Figs. 22 and '23 are respectively a greatly enlarged vertical section and a perspective view of one method of depositing ink in accordance to the output of a line scanning system made according to the invention.
Figs. 24 and 25 are respectively a perspective view and a greatly enlarged vertical section of a diiferent method of applying ink.
Fig.26 illustrates the preferred form of printing press corresponding to Fig. 24.
Figs. 27 and 28 are enlarged perspective views of details thereof.
For clarity, unessential details have been omitted from Fig. 1. A color transparency 30 is moved, as indicated by the arrow 3!, by means not shown, under a triple scanning line, provided by three lamps 32, each forming part of an optical system including filters 33 and cylindrical lenses 30 for forming a line of light transversely across the transparency 30. The filters 33 are the primary colors, red, green, and blue, and the red scanning line is indicated by the broken line 36. Light shields are included in each system for confining the scanning beams to their respective paths but are not shown since they would confuse the drawings. The light passing through the transparency 30 impinges on a row of photosensitive elements 38 which are shown as photoelectric sensitive or selenium cells described in detail below.
The output of the sensitive cells, as indicated by leads 43, is used to control the deposition of ink from individual pens 42. This ink is deposited on a strip of paper 40, which is moved, as indicated by the arrow 4!, synchronously with the movement of the transparency 30.
Various forms of the photoelectric unit and methods of manufacturing them are illustrated in Figs. 2A to 21. In Fig. 2A, an electrical conducting strip of copper, aluminum or copper alloy is laminated to an electrical insulating strip 5 l, and the upper surface of the conducting metal strip 50 is provided with a photosensitive resist 52. The total thickness of the strips or foils 50 and 5B is the controlling factor as far as resolution by the scanning system is concerned. If 150 lines per inch resolution is required, the total thickness of the conducting and insulating layers is /15o of an inch. As shown in Fig. 2B, the resist 52 is removed at one point 53 by any of the standard methods used by photo-engravers and then a chemical etching solution or blast of sand is applied to the surface, which etches through the desired, as shown in Fig. 2D, and the hiatus N filled with photoelectric sensitive compound to form a spot 55, as shown in Fig. 2E. The compound, of course, should be treated in manner so that it has a maximum pho itive il response. The conducting strip at this stage is, as shown in Fig. 3, about one inch long, A inch wide, and .002 or .003 inch thick. The selenium spot 55 is to be used and on so that its useful area has a width approximately equal to the thickness of the metal foil, 1. e. .002 or .003 of an inch, and a width the other way equal to the width of the hiatus in the foil, which is also made to be about .002 or .003 of an inch.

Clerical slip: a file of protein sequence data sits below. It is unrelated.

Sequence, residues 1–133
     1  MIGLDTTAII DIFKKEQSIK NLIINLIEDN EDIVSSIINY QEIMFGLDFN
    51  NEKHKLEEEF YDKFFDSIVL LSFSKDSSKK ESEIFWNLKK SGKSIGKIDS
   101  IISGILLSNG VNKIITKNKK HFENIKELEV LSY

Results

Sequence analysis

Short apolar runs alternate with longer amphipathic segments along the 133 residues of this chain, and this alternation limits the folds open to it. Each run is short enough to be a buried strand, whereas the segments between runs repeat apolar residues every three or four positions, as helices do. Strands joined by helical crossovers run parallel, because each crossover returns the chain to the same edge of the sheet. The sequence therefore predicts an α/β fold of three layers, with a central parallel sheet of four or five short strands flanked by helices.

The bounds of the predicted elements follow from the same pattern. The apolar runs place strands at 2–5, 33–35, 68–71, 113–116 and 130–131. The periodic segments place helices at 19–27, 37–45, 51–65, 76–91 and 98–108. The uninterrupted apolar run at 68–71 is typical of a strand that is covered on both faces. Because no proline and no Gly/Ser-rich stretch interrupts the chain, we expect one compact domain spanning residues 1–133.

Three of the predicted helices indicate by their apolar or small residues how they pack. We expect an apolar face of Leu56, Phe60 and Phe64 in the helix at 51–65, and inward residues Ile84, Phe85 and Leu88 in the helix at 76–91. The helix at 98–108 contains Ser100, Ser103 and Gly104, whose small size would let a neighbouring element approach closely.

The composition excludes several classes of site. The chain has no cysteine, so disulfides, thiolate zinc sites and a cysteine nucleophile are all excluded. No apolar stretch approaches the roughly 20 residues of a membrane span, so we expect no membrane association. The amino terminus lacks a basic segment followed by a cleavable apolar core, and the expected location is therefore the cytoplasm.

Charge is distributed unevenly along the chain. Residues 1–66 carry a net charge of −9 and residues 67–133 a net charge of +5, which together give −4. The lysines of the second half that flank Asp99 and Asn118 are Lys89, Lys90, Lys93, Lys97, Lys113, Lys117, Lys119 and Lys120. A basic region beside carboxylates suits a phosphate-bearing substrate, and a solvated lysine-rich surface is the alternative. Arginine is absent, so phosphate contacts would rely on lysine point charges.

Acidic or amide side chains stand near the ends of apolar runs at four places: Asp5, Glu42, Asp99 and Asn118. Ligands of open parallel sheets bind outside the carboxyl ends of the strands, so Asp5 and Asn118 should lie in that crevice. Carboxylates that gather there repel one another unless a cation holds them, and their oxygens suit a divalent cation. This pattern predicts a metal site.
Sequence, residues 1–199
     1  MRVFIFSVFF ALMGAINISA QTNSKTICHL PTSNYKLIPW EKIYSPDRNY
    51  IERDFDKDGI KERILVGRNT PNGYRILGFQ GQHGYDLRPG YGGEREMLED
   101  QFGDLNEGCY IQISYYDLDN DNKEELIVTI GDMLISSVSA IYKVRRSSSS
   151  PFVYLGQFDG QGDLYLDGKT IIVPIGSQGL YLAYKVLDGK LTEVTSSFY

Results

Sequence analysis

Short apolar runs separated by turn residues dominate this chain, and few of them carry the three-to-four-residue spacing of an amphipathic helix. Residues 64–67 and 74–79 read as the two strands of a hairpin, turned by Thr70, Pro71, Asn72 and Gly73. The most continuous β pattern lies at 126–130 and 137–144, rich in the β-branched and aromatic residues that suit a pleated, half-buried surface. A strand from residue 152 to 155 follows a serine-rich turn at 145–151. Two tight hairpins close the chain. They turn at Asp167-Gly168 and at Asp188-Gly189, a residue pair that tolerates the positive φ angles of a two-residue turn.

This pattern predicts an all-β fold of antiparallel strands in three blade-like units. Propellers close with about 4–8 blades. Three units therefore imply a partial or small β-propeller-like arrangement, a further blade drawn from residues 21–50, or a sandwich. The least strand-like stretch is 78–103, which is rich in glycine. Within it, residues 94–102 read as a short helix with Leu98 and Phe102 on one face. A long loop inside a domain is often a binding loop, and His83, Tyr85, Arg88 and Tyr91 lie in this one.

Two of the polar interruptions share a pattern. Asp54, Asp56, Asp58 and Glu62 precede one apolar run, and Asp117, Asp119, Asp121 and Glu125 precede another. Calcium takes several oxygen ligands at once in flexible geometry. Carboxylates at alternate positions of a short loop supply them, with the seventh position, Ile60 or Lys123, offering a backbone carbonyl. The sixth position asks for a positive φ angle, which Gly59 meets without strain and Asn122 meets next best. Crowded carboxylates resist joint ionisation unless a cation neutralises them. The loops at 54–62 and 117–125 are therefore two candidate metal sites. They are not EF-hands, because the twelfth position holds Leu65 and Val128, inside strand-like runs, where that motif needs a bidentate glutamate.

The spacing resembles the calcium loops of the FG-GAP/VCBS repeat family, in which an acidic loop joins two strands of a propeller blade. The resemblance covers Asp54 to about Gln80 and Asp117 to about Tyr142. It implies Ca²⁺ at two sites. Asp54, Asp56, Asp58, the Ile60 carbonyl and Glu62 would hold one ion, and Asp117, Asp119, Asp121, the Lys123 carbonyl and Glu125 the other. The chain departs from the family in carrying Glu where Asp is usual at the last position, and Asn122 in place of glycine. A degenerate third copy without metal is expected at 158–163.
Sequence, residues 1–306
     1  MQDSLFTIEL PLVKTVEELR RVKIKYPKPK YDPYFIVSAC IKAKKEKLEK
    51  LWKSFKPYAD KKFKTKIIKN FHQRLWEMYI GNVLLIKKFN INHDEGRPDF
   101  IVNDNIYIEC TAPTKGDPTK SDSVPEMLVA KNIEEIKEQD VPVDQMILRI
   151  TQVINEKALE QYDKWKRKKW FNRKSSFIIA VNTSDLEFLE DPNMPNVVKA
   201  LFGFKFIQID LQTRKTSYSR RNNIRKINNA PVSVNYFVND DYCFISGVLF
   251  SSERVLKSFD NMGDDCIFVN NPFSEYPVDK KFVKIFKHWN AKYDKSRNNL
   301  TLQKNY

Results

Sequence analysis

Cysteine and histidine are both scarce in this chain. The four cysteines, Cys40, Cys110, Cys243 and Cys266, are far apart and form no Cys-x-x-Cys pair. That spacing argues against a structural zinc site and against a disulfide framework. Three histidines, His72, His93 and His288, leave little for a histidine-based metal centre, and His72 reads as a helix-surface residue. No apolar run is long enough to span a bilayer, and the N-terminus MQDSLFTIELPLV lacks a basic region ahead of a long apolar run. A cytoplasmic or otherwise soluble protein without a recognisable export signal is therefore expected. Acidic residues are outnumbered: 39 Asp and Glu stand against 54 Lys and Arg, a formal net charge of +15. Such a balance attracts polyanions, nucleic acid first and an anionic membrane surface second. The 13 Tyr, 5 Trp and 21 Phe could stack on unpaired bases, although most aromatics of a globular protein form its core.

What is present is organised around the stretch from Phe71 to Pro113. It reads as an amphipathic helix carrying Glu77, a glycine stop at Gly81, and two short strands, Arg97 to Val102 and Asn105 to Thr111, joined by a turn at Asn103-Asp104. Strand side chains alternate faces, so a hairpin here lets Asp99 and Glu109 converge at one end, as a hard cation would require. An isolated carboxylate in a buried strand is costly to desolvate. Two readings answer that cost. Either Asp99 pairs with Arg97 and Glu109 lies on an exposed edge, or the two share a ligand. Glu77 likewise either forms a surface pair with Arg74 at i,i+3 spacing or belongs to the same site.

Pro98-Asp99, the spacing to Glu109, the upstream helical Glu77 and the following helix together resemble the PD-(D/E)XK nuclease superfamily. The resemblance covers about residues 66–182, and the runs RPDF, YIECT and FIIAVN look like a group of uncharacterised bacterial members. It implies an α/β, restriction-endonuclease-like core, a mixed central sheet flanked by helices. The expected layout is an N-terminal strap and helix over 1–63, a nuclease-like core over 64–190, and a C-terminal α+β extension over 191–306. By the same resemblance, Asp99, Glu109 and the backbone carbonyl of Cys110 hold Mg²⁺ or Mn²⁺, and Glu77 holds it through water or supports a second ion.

In Fig. 4A a metal foil 00 is laminated to an insulating plastic foil iii, the foil is severed by marking with a suitable tool to form a hiatus 62 as shown in Fig. 4B. The, hiatus 02 extends through the foil 00, but the insulating and supporting layer 6! is not broken. In Fig. 4C, the hiatus 62 has been filled with a sensitive compound spot 63 so that the resulting unit, as shown in Fig. 5, is similar to that shown in Fig.
In Fig. 6A, a metal foil 10 is laminated to an insulating support 7 i. By means of a razor blade, a small cut mark 72 is put in the metal foil 70, extending through the foil, but not cutting appreciably into the supporting layer H. The hiatus thus formed is filled with sensitive compound is as shown in Fig. 6C, and the resulting unit, as shown in Fig. 7, is also equivalent to the unit shown in Fig. 3.
As shown in Figs. 8 and 9, a plurality of the small units are laminated together. Specifically the unit shown in Fig. 2E is laminated to a number of similar units. For example, if 150 lines per inch resolution is desired, and the total length of the unit is to be 7 inches, 1,050 of such units are laminated together. The complete unit is now about one inch wide, about 7 inches long, and about inch thick. The spots 55 form a line down the center of the unit. If the unit is held with this line horizontal, each spot 55 is seen .to have two conducting strips extending horizontally therefrom and made up of the two parts of each of the foils. Conducting leads 80, 8! and 02 are fastened to the metal foils. Preferably, as shown in Fig. 10, these leads to are made of enameled copper wire of suitable weight, say 32 gauge, which have been out to the desired length. The ends are dipped in varnish remover or heated to remove insulation and then flattened as shown at in Figs. 10 and 11 to give a good contact surface and to provide a thickness in keeping with the dimensions of the assembly.
These leads are inserted as the prepared strips are laminated. The leads from adjacent strips are in staggered positions so that the lead wires 80, 88 and 82 are relatively thick compared to the foil 50. Actually they are much thicker than shown in Fig. 9, in which they are purposely shown quite narrow to indicate the relative posi-' tion and orientation of the leads rather than the size.
Figs. 12 and 13 show an alternative arrangement in which the individual foils are first diecut so that each strip 90 is provided with tabs 9| for electrical connections. Fig. 13 is intended to correspond with Figs. 3, 5 and 7, showing the spot of selenium or other material 93 from the side. In Fig. 12 the staggered relation of the tabs Si, 94, and 95 and their relative size are I right angles.
emes both apparent. Suitable gauge wire, notshown, is soldered or otherwise connected to each of the tabs.